Catching Up With Fanny Andrews in Washington, Georgia

This is the third post of a series. Click here for the first part, and here for the second part.

After leaving the Gilbert-Alexander House and not getting accosted, although no thanks to our efforts, we tootled around a bit more.
Sugar had seen a marker or two that he wanted to investigate.

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Oh, yeah.  Now we’re having fun.  We stopped on the side of the road to view this marker.

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TWO HUNDRED FEET EAST

SITE OF

PRESBYTERIAN POPLAR

HERE WAS HELD THE FIRST

ORDINATION OF A PRESBYTERIAN

MINISTER IN GEORGIA, JULY 22, 1790,

WHEN JOHN SPRINGER WAS ORDAINED

AND INSTALLED PASTOR OF

SMYRNA PROVIDENCE AND

WASHINGTON CHURCHES

BY A COMMISSION OF THE

PRESBYTERY OF SOUTH CAROLINA

COMPOSED OF

REV. ROBERT HALL

AND

REV. FRANCIS CUMMINS

That is surely important news for someone.  I don’t know who you are yet, so feel free to comment.  Don’t just sit there.

We headed back over to another marker that we saw near the Catholic Cemetery.  Sugar has a nose for markers.

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THIS TREE PLANTED – 1930

HONORING

ELIZA FRANCES ANDREWS

“MISS FANNIE”

TEACHER, AUTHOR,

RENOWNED BOTANIST

WASHINGTON WOMAN’S CLUB

1982

AUG. 10, 1840

JAN. 21, 1931

Reading this marker meant that we needed to cross the street to take a photo of the tree.  The walking lady hardly gave us a second look, like people wander around this town all the time taking photos.

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Our hostess at the B&B had told us about the Resthaven Cemetery on the edge of town.  We still had daylight, and we found it easily.  We found the cemetery, but I couldn’t find the entrance, because you have to do a quick lefty-righty thing to get to the entrance, and we turned around in a dicey-looking parking lot.  (*Not* someone’s driveway.)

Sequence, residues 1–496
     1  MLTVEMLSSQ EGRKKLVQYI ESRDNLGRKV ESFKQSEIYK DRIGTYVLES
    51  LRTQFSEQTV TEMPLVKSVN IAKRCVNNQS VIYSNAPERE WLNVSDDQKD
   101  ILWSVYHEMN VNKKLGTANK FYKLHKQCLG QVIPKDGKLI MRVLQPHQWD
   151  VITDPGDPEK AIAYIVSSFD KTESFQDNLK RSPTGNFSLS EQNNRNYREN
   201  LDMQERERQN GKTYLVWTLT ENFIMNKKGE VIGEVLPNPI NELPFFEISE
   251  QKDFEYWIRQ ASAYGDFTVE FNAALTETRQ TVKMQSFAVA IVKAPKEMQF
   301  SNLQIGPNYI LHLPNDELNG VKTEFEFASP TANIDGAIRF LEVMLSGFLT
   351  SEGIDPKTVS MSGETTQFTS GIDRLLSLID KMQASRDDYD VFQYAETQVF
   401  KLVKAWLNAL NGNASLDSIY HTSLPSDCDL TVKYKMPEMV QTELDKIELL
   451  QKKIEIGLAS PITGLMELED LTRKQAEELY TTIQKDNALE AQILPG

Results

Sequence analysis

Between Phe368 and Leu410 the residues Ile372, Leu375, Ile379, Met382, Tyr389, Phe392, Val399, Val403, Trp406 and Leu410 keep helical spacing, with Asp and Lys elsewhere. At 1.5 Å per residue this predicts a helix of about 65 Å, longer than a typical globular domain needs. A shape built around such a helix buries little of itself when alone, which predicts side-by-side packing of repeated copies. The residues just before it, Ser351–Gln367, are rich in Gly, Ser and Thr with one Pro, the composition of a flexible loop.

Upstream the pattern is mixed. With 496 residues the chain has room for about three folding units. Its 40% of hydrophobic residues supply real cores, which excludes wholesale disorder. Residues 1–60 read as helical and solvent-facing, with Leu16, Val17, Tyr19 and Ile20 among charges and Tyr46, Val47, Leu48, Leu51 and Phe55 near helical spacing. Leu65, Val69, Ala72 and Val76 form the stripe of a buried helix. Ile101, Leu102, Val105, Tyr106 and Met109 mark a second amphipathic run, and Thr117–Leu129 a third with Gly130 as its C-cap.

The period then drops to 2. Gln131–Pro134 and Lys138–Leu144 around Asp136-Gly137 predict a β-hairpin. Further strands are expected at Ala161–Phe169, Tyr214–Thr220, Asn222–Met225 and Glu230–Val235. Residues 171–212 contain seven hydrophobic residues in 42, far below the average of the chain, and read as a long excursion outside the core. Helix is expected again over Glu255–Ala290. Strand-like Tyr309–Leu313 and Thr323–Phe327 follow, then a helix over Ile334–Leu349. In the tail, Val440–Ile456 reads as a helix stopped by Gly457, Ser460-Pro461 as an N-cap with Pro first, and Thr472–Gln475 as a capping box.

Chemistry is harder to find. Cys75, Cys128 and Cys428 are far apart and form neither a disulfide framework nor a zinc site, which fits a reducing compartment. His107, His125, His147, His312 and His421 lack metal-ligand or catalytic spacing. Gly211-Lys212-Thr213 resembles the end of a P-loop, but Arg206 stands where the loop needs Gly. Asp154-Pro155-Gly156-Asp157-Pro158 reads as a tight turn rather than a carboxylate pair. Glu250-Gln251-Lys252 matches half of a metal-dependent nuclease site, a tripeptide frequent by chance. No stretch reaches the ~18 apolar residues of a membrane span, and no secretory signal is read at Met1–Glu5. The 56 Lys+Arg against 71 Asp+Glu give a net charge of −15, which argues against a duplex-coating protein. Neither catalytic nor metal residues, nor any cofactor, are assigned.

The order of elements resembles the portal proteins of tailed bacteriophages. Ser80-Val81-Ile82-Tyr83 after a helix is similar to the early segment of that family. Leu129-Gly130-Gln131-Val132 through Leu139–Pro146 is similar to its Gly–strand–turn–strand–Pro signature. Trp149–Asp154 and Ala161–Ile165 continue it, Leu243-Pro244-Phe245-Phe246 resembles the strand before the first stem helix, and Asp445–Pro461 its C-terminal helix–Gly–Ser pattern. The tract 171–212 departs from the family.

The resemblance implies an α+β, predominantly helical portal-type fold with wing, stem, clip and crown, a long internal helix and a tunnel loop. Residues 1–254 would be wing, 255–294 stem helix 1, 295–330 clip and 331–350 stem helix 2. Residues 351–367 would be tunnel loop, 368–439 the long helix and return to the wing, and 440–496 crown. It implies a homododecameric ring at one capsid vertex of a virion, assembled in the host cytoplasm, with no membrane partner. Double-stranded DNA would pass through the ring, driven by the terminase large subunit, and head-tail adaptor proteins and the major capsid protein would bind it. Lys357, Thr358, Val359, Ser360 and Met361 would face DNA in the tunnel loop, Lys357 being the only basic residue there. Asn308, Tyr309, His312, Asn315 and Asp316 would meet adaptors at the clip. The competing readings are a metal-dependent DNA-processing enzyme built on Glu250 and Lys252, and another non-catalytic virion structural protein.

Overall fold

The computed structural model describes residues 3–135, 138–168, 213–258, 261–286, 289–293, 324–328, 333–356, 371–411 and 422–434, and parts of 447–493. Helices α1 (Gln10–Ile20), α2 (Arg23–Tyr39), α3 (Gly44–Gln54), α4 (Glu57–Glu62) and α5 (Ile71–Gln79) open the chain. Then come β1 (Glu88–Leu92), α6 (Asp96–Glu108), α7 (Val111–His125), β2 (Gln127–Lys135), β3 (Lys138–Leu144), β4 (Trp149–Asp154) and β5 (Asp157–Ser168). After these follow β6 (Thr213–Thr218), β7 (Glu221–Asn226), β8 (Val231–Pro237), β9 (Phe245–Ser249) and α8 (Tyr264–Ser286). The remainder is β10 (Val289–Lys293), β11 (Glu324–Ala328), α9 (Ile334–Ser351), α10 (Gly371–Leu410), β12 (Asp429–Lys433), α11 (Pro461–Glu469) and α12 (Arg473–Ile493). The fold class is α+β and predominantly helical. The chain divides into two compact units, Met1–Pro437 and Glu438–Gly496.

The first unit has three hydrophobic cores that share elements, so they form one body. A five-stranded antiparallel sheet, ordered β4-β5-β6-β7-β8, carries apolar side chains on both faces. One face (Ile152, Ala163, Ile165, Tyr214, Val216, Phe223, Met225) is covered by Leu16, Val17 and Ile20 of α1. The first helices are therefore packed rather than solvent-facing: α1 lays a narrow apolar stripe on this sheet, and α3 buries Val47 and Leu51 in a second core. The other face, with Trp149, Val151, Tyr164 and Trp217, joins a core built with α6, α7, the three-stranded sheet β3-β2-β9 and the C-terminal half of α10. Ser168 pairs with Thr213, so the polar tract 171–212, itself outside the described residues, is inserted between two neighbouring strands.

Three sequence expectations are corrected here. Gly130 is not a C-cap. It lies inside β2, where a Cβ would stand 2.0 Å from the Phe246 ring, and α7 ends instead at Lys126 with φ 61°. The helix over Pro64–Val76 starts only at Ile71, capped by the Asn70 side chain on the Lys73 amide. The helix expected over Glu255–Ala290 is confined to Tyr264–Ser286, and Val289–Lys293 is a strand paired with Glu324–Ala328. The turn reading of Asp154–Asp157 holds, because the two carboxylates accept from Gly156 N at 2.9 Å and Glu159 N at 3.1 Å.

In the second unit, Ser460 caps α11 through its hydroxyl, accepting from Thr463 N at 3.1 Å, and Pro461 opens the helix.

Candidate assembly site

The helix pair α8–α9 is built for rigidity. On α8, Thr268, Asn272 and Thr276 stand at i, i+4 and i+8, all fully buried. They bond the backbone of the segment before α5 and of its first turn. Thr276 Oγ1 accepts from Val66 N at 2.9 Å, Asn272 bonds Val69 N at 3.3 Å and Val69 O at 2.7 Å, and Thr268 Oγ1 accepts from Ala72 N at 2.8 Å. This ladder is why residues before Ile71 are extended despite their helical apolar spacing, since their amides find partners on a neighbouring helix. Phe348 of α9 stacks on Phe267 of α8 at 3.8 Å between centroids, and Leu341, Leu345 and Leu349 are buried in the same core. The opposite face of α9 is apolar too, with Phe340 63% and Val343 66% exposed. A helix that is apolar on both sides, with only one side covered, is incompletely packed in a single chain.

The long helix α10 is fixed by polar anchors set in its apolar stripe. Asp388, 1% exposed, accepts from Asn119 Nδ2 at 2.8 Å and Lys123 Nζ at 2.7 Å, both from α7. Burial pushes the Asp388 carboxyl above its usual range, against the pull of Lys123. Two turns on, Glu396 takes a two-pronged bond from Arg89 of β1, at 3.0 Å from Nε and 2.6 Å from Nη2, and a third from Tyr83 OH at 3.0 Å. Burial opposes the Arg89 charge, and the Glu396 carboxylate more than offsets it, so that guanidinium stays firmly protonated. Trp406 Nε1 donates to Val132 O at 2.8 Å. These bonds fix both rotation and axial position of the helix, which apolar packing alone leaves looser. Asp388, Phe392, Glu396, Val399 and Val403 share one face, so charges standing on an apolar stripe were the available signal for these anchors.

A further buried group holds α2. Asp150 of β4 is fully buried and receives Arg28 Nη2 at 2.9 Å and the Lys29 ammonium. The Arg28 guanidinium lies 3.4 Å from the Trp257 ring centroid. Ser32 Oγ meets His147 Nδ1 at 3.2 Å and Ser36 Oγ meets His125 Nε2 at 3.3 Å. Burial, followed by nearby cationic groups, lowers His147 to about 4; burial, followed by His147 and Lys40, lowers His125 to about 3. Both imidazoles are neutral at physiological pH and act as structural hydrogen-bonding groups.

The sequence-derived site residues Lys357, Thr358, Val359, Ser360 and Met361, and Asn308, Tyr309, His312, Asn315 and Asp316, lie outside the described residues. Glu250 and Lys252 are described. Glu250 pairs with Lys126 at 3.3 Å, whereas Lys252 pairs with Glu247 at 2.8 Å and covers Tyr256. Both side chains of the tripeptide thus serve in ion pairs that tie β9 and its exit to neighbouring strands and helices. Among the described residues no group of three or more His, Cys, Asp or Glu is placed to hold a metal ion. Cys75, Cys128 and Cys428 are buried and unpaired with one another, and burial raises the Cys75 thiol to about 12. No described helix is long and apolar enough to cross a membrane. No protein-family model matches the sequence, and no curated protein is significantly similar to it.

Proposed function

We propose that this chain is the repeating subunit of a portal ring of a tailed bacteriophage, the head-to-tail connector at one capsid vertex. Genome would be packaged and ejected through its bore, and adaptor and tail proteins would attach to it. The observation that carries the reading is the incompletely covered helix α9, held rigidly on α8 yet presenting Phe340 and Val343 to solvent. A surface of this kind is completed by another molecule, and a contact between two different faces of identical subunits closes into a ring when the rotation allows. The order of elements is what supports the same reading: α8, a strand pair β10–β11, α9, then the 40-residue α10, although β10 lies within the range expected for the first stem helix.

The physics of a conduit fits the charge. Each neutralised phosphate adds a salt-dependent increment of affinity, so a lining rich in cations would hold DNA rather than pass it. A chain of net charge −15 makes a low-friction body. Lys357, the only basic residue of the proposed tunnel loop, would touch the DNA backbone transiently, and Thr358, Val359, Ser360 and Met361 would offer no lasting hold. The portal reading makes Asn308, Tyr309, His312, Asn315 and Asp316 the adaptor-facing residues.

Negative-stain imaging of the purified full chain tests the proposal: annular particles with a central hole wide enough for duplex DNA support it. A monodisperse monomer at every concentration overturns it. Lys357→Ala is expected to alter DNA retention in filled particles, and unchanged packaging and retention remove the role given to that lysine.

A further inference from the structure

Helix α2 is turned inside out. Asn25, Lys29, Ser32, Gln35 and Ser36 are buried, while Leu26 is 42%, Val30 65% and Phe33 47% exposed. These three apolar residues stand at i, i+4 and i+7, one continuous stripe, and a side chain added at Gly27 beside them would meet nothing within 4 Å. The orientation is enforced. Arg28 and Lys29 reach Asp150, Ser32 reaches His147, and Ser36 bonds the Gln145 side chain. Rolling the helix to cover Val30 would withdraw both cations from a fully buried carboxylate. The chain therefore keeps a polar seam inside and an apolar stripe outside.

Sugar knew what the marker for Fanny Andrews looked like, and we easily found the old section, and he went right to it.  There were SO many Andrews people, and their affiliated families, so I took lots and lots of photos.

Here’s where things get complicated for you the reader. Feel the urge to scroll past these unidentified people.

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Eliza Frances “Fanny” Andrews

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Someone had been here before us and left fresh flowers. I wish that we could take credit for being clever and bringing flowers for a world-famous botanist. Nice move, mystery person.

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It was a perfect time of day for photographing tombstones.  The angle of the setting sun created shadows and made the inscriptions easier to read.

On the way to the car, we saw a section with small markers with no inscriptions at all.

There’s an interesting pattern of sunlight on the right side of the photo below.  If you believe in angels, you might enjoy this photo.

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The sun is setting, and the night is calling, and the birds settle down for an evening of rest at beautiful Resthaven.

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